Milan, Ancient but Not Easy to Pray

Duomo Milano columns.jpg

You step into a giant forest of marble, when you enter the cathedral of Milan.

St. Bartholomew Milan

Then I found myself next to the famous statue of St. Bartholomew, flayed alive for the faith.

St. Charles Borromeo lies in the crypt, under the high altar.

They don’t make it easy to pray in the Duomo Milano. Large parts of the church lie behind impenetrable barricades. Couldn’t even find the Blessed Sacrament.

But across town, the Basilica di Sant’Ambrogio has the great Father of the Church, entombed with two martyrs to whom he was devoted, Sts. Gervase and Protase.

Ambrose made them the patrons of Milan, as narrated in St. Augustine’s Confessions. (St. Ambrose baptized St. Augustine.) After Ambrose died, they re-interred the martyrs with him, since he had become the city’s perennial patron.

St. Ambrose

The martyrs are vested as St. Ambrose’s deacons. They lie beneath this mosaic:

Basilica Ambrogio mosaic.jpg

The Eloquent Ambrose + GS Notes 2

St. Ambrose became the bishop of Milan 1,638 years ago today.

st ambrose catedra petriLike St. Nicholas, St. Ambrose found himself called upon to affirm the Catholic faith in the divinity of the Son of God, because the Arians had developed a strong following in Milan.

Let’s listen in for a moment on the dialogue.

St. Ambrose explains the question with such simple eloquence that we will immediately grasp the fundamental significance of the doctrine of the Trinity for anyone who wants to practice the religion of Jesus of Nazareth:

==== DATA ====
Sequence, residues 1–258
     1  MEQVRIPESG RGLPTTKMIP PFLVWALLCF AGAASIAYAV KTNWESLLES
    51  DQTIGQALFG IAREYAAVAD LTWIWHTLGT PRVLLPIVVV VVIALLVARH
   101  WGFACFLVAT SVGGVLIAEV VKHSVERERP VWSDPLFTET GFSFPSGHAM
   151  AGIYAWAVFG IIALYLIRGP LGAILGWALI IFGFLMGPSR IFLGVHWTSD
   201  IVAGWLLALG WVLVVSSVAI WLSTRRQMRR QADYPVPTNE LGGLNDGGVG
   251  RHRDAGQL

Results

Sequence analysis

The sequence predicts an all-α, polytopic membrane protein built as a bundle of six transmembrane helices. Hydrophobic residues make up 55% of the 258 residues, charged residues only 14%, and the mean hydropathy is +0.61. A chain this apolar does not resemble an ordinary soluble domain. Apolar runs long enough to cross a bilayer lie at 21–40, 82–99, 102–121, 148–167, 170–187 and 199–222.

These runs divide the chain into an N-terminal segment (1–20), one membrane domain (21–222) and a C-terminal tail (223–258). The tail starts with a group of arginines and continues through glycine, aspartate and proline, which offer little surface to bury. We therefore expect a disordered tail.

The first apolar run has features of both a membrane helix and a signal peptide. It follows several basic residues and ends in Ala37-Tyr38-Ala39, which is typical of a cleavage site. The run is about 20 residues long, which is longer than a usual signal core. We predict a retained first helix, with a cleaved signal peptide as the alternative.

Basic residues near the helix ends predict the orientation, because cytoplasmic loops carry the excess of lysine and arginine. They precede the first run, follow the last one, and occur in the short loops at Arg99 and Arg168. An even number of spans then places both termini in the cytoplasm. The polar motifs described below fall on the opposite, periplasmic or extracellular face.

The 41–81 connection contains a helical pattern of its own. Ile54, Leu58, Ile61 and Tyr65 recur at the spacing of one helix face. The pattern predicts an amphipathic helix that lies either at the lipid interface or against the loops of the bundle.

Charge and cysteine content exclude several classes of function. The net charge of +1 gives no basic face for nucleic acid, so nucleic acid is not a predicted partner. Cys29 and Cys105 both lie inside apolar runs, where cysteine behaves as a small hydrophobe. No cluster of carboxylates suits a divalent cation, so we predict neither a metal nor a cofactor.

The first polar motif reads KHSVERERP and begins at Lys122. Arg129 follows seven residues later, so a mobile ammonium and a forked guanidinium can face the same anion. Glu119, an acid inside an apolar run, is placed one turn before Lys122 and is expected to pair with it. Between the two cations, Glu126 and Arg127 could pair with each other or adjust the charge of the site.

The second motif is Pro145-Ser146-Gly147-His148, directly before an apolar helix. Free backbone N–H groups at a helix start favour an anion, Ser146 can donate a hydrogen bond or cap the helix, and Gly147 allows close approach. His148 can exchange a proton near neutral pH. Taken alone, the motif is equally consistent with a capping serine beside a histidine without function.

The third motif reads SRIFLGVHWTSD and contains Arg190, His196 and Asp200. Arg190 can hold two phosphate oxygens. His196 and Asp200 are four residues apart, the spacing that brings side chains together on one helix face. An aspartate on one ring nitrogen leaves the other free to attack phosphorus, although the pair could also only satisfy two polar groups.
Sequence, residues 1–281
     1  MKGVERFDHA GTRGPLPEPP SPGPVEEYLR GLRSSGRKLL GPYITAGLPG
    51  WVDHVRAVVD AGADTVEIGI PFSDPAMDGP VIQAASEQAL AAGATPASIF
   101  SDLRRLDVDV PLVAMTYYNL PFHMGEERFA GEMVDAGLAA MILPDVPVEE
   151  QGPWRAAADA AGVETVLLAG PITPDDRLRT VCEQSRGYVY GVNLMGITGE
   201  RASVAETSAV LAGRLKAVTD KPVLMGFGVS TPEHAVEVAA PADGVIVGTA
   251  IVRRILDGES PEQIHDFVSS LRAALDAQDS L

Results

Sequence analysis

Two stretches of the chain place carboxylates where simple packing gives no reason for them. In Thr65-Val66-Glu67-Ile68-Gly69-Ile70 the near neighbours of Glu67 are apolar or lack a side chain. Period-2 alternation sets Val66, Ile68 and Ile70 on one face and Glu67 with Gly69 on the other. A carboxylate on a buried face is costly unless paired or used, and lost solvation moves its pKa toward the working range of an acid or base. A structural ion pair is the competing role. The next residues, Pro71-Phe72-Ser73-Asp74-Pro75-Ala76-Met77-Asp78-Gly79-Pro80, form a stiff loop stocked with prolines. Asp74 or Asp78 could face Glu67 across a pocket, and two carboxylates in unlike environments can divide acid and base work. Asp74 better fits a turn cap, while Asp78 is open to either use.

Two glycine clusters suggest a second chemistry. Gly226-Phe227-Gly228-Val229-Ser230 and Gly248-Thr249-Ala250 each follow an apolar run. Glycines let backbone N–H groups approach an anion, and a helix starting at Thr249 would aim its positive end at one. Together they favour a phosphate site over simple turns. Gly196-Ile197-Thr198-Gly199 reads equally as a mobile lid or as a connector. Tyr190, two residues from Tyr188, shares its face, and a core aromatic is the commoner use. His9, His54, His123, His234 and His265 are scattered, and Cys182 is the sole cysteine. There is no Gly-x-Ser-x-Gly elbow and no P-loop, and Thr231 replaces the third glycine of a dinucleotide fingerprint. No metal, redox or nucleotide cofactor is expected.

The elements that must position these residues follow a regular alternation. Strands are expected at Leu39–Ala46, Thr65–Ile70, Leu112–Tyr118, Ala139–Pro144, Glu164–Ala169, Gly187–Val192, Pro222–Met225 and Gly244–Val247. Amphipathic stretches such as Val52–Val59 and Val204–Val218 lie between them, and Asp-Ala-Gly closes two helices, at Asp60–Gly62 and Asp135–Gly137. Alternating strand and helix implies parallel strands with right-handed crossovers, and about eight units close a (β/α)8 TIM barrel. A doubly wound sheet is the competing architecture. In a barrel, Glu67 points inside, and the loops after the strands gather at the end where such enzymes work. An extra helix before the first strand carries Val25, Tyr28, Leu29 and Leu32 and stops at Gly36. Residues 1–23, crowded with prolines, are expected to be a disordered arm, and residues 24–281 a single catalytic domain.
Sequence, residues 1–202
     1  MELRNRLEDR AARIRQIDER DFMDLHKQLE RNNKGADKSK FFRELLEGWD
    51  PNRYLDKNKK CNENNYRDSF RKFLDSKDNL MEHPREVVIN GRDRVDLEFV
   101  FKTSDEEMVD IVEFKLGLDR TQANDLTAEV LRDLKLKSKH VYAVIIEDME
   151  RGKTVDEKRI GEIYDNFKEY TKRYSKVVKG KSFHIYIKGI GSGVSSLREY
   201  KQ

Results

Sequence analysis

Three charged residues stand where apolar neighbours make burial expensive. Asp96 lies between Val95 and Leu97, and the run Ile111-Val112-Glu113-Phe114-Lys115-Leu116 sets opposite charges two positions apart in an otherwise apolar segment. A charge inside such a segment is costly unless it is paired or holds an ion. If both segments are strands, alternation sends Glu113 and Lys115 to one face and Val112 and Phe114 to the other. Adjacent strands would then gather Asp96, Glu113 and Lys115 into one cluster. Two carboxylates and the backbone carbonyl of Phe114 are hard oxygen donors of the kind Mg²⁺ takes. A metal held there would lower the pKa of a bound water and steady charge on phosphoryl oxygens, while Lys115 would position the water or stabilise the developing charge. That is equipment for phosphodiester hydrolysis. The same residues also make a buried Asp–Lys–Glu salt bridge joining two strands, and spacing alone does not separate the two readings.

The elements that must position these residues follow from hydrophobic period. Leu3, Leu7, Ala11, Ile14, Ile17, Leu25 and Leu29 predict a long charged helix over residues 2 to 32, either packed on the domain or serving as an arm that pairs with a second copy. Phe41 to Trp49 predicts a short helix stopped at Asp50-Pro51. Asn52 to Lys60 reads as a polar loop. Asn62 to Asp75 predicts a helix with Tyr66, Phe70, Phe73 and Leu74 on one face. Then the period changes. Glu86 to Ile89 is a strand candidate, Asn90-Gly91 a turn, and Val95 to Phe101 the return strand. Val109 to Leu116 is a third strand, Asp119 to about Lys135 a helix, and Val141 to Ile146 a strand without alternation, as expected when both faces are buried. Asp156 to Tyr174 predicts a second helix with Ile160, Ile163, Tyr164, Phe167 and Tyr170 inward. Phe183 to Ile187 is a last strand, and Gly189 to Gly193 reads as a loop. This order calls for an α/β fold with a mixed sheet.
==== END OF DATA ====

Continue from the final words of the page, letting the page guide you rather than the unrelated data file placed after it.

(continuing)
[from Chapter 9 of Exposition of the Christian Faith:]

Tell me, Arian—tell me, I say, whether there was ever a time when God Almighty was not the Father, and yet was God.

I say nothing about time, is your answer.

Well and subtly objected! For if you bring time into the dispute, you will condemn yourself, seeing that you must acknowledge that there was a time when the Son was not, whereas the Son is the ruler and creator of time. He cannot have begun to exist after His own work. You, therefore, must needs allow Him to be the ruler and maker of His work.

I do not say, you answer, that the Son existed not before time; but when I call Him Son, I declare that His Father existed before Him, for, as you say, father exists before son.

But what does this mean? You deny that time was before the Son, and yet you will have it that something preceded the existence of the Son—some creature of time—and you show certain stages of generation intervening, whereby thou dost give us to understand that the generation from the Father was a process in time. For if He began to be a Father, then, in the first instance, He was God, and afterwards He became a Father.

How, then: Is God unchangeable? For if He was first God, and then the Father, surely He has undergone change by reason of the added and later act of generation.

But may God preserve us from this madness…The devout spirit affirms a generation that is not in time, and so declares Father and Son to be co-eternal, and does not maintain that God has ever suffered change.